WVU football: Former Mountaineer player Cogdell added to staff
MORGANTOWN, W.Va. - West Virginia football started the spring semester Wednesday by saying goodbye to some parts of the program and hello to others.
Defensive line coach Erik Slaughter's contract was not renewed after two seasons of his first Football Bowl Subdivision job while former WVU linebacker and Miramar (Fla.) High School football coach and athletic director Damon Cogdell was hired as an assistant defensive coach.
"It's exciting to welcome back a former Mountaineer to Morgantown," Coach Dana Holgorsen said. "Damon Cogdell has been successful at every stage of his career from player to coach and has built one of the best high school football programs in the state of Florida. Now, as he takes his next coaching step to major college football, it's certainly appropriate that he starts at his alma mater.
"He brings a wealth of experience in developing and coaching student-athletes, and his knowledge will be a great asset to our program. He also knows what it means to be a Mountaineer and what this program means to our state, and I am excited to add him to our staff."
Running back Andrew Buie, who as a junior last season first expressed a desire to redshirt and then left school altogether, is back with the team. Buie led the team in rushing as a sophomore in 2012. A team source told the Charleston Daily Mail receiver Ronald Carswell and cornerback Avery Williams will not be back for the 2014 season. Neither was on a roster WVU updated Wednesday afternoon.
Carswell was a starter before he was suspended for something he did on the team's road trip to TCU. The junior college transfer, who started his career at Alabama, was second on the team with 413 receiving yards and fourth with 20 receptions when he was punished.
Williams, who missed the 2012 season after neck surgery, played in 11 games in two seasons and totaled six tackles.
Receiver Ricky Rodgers and linebacker Davonte James, both early high school graduates, are enrolled and can participate in spring practice. Three junior college transfers who signed letters of intent last month also enrolled Wednesday: quarterback Skyler Howard, cornerback Keishawn Richardson and offensive lineman Sylvester Townes.
A fourth junior college signee, linebacker Edward Muldrow III, has until Friday to enroll, as is expected, so he can be a part of spring practice.
Cogdell is the ninth assistant coach - equal to an entire staff - Holgorsen has hired since winning the Orange Bowl early in 2012. Slaughter, one of those nine, was the only assistant coach who had the same job in 2013 that he had in 2012. He's now the first of those nine assistants Holgorsen has replaced.
Slaughter was in charge of recruiting southern Ohio. A source said that's likely to go to offensive coordinator/quarterbacks coach Shannon Dawson.
Cogdell played with the Mountaineers in 1997-98 and made 107 tackles, though his career was affected by a broken hip that abbreviated his first season. He graduated in 1999 with a degree in sports management and a year later won a Grey Cup with the British Colombia Lions as part of a two-year career in the Canadian Football League. He's since earned a physical education teaching certificate.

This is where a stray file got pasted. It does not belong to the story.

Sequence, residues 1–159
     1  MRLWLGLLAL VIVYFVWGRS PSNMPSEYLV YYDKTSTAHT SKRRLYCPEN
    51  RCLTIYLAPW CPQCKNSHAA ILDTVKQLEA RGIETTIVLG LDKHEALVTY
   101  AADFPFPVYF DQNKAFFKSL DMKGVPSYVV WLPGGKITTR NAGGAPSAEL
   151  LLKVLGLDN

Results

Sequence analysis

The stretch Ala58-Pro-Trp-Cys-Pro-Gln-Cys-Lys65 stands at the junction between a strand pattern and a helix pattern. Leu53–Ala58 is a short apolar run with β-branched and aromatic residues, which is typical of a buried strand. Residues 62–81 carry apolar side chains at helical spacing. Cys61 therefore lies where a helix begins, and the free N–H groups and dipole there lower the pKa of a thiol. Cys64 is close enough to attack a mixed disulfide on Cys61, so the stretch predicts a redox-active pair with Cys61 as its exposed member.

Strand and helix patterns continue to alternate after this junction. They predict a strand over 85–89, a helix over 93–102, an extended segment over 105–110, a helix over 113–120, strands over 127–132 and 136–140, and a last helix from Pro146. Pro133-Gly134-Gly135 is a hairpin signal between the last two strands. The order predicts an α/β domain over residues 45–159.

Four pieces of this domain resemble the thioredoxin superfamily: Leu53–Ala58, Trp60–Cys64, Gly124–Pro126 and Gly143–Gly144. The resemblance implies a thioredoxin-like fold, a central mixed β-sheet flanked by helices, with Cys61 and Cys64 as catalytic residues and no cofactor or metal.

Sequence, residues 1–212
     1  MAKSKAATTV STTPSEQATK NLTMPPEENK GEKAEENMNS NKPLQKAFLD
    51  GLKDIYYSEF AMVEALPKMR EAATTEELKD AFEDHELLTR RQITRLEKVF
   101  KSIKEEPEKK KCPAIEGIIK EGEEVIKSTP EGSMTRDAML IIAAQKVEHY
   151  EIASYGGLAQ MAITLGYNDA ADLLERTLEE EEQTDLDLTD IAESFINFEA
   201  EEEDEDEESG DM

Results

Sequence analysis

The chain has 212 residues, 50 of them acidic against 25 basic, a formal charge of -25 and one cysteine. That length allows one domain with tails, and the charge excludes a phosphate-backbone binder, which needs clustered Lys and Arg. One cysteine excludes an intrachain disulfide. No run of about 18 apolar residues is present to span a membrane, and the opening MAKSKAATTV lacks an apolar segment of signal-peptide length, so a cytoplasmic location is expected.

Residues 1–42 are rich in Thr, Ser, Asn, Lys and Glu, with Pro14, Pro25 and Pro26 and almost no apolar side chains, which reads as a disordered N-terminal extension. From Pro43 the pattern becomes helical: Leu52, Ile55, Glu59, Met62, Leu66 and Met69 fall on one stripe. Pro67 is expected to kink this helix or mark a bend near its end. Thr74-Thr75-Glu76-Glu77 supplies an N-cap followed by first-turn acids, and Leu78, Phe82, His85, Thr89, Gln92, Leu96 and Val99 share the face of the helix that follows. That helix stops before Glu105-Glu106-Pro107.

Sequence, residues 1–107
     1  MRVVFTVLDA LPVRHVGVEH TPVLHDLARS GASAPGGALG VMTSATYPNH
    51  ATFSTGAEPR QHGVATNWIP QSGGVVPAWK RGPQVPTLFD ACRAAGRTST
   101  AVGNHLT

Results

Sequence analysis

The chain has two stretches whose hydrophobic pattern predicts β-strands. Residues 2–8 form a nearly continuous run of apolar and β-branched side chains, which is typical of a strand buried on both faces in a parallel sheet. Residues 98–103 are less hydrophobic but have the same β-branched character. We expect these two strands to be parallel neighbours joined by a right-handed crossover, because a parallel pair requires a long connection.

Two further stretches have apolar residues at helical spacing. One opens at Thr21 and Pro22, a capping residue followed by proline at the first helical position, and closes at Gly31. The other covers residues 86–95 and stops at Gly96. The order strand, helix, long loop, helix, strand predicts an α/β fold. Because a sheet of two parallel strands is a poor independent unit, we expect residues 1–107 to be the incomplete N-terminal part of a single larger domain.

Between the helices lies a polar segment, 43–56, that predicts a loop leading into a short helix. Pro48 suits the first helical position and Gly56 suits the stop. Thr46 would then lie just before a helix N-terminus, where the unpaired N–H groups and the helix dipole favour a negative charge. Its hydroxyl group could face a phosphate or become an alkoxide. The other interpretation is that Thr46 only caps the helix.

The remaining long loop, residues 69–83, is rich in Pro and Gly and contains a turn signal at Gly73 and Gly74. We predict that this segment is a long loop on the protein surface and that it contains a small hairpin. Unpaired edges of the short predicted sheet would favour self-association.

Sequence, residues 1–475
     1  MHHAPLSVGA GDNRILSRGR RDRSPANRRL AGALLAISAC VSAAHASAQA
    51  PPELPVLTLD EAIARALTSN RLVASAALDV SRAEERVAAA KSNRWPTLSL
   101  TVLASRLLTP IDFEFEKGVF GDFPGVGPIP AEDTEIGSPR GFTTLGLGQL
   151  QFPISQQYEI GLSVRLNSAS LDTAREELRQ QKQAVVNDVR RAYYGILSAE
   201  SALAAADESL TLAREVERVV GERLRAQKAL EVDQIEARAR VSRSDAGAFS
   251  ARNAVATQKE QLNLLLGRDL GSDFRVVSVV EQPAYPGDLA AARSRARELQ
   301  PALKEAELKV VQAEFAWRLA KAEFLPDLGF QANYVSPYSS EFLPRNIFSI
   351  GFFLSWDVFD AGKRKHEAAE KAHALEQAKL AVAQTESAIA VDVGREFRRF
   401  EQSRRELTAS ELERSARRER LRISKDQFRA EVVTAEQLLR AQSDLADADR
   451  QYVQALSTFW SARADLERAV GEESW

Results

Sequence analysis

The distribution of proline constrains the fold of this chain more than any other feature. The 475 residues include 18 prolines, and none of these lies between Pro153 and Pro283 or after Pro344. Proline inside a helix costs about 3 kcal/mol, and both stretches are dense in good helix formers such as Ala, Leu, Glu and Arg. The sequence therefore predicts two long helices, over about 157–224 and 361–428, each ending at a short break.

He was an assistant coach at Miramar from 2002-06 before taking over as head coach in 2007. He won the 2009 state championship, won at least one playoff game each of his seven seasons and finished with a record of 72-19. More than 50 former players went to play in the NFL, including former WVU stars Geno Smith and Stedman Bailey.
Cogdell is expected to join another former WVU player on the staff, running backs coach JaJuan Seider, who was hired last year, to recruit South Florida. Khalil Lewis, a junior receiver at Miramar, announced Wednesday he's committed to WVU's 2015 recruiting class.
Cogdell did not return a message left Wednesday morning, but said in a school press release that returning to WVU was "like a breath of fresh air. Being here on the coaching staff is a dream come true. I had a great experience as a student-athlete, then I was able to go to Miami and build a highly competitive football program and won a bunch of games, was able to send eight players to play for the Mountaineers and now come full circle."
Cogdell will work on a two-year contract for $200,000, according to WVU. The school did not state what position he'll coach, which leaves open the possibility Holgorsen and defensive coordinator Keith Patterson could reorganize the staff or that Holgorsen could make more personnel decisions.
Last month, Athletic Director Oliver Luck said he and Holgorsen had met to discuss the coaching staff, among many things, but that, "I strongly believe in our coaching staff, including the work that our strength and conditioning staff is doing. In my opinion, continuity is the key ingredient that will bring our football program back to the high level that Mountaineer fans expect."
Contact sportswriter Mike Casazza at email@example.com or 304-319-1142. His blog is at blogs.charlestondailymail.com/wvu.